Along the way we stopped in Louisiana to visit Aunt Darling, Mama Dear's younger sister. The trip was to serve as a final farewell to all my kinfolk before I moved to England. Aunt Darling's trailer home sat in the midst of the Tucker family owned fields. Aunt Darling and her husband Leon, still tended those fields, even in their advancing age. They had chickens who laid eggs for their breakfast and provided poultry for their dinner.
Aunt Darling was what some refer to as 'Country', hard working, virtuous and generous, but very matter of fact and rather loud in her manner. Mama Dear was quite soft spoken in her character, with a fairer skin complexion, but the family resemblance was evident. I remembered how much Mama Dear loved her sisters, so it was an honour to have the opportunity to say my goodbyes on the same land where Mama Dear had been born.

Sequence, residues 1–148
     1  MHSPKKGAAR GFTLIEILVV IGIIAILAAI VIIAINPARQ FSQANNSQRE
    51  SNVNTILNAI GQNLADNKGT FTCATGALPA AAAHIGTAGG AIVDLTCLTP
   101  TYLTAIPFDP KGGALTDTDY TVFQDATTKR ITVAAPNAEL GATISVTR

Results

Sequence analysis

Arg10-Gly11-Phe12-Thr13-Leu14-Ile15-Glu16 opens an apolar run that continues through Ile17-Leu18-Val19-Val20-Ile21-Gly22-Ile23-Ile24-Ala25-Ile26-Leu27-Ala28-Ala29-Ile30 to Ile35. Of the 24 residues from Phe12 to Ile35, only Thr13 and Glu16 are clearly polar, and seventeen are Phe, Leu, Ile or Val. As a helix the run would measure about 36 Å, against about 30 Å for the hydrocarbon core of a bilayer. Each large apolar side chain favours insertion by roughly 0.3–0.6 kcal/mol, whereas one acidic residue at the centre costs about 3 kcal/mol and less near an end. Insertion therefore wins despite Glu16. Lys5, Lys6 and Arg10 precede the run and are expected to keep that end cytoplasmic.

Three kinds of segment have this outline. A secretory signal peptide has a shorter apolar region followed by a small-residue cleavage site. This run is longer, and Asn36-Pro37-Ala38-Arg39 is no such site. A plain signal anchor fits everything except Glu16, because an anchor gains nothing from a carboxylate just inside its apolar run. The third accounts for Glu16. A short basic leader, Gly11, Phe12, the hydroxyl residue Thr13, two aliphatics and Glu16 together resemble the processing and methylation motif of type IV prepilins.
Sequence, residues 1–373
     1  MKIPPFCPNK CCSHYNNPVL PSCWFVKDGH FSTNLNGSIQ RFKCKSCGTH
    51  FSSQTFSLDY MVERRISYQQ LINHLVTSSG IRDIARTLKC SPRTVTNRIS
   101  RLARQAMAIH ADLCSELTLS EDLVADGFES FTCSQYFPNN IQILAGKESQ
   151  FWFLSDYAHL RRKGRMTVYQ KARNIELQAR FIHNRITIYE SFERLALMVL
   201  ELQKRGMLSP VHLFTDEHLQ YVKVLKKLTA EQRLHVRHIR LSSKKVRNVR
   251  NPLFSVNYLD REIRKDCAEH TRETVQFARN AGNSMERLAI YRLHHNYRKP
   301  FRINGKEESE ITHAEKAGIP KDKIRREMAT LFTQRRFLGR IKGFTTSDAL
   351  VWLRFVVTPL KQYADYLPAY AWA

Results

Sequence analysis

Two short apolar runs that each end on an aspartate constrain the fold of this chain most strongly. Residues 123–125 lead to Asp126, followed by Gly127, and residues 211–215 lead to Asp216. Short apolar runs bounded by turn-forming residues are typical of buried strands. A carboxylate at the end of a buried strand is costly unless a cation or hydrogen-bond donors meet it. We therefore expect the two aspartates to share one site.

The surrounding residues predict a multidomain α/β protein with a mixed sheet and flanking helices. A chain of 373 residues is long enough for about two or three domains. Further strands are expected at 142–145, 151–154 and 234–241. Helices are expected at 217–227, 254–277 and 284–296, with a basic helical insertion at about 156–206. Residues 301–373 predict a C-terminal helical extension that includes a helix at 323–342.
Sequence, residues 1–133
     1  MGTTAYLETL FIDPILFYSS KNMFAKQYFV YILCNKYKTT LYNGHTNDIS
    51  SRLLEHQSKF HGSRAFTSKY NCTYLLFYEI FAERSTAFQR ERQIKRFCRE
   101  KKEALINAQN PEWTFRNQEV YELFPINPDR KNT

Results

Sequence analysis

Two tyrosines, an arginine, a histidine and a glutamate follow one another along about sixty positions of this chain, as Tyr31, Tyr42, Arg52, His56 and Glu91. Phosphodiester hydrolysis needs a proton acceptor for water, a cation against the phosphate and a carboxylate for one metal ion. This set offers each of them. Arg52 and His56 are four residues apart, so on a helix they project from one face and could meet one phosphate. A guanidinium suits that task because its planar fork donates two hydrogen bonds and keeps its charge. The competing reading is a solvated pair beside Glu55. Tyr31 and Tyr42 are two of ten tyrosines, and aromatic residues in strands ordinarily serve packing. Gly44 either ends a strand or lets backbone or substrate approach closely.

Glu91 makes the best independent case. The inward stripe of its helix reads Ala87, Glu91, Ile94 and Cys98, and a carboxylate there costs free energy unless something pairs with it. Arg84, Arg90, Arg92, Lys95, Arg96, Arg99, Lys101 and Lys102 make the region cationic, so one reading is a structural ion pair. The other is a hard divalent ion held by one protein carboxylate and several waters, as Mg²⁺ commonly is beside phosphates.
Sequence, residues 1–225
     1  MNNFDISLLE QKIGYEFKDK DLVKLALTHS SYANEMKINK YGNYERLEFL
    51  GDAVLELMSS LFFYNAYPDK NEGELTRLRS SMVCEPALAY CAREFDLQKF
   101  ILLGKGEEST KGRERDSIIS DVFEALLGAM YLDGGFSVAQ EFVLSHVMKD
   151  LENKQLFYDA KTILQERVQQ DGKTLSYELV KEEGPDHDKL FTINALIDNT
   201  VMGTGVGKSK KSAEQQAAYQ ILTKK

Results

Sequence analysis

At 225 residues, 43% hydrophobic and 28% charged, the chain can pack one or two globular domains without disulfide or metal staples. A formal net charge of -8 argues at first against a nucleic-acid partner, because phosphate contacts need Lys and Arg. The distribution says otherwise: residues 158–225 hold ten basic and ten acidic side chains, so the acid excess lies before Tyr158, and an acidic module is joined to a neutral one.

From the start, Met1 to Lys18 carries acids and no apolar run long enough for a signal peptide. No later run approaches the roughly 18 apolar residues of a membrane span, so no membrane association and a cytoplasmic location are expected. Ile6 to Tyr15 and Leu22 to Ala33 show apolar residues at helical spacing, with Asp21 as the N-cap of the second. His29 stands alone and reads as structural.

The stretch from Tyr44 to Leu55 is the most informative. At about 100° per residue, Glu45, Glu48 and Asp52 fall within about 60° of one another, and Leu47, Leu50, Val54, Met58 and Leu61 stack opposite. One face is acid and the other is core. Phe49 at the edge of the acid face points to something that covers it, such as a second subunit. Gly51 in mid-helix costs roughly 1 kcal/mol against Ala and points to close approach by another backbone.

Jen and I are both petite, and we wanted to avoid the perils of defenceless women on their own at night, so we only drove during the sunshine hours of the day. Jen's Mom, my Godmother, Dina Armendariz, (Mama Dina), had given us a huge knife, which came in its own holster, for us to use, if we had to. There was a hilarious incident en route to Aunt Darling's house in those backwoods of Louisiana. While Jen and I were taking turns, driving around in circles, trying to find Aunt Darling's place, dusk started to show up. The scenario of those tall willowy trees standing in the middle of long stretches of water, conjured up the tales we'd been told of the bodies buried in the swamplands that were never found. Between us, we each had relatives in every state that we stopped in, so our journey could be traced, but that was no comfort in our horrified state of mind. We were terrified of what might become of us. Being a mix of Mexican, German and Serbian, Jen easily passed the 'white enough' colour line. But, we were in Louisiana, and she was travelling with a dark skinned coloured girl. To say we were petrified, would be putting it very lightly. It got dark. The car got stuck in a mud packed pothole on one of those untreated back wood roads.